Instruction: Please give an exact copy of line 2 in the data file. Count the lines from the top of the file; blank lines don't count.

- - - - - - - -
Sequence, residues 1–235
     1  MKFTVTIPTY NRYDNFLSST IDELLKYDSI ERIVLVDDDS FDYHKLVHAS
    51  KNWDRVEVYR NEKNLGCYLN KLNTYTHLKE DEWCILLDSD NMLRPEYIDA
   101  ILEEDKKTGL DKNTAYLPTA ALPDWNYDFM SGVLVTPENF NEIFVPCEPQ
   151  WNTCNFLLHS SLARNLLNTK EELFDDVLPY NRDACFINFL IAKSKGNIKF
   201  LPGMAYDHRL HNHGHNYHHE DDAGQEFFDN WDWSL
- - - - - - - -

     1  MKFTVTIPTY NRYDNFLSST IDELLKYDSI ERIVLVDDDS FDYHKLVHAS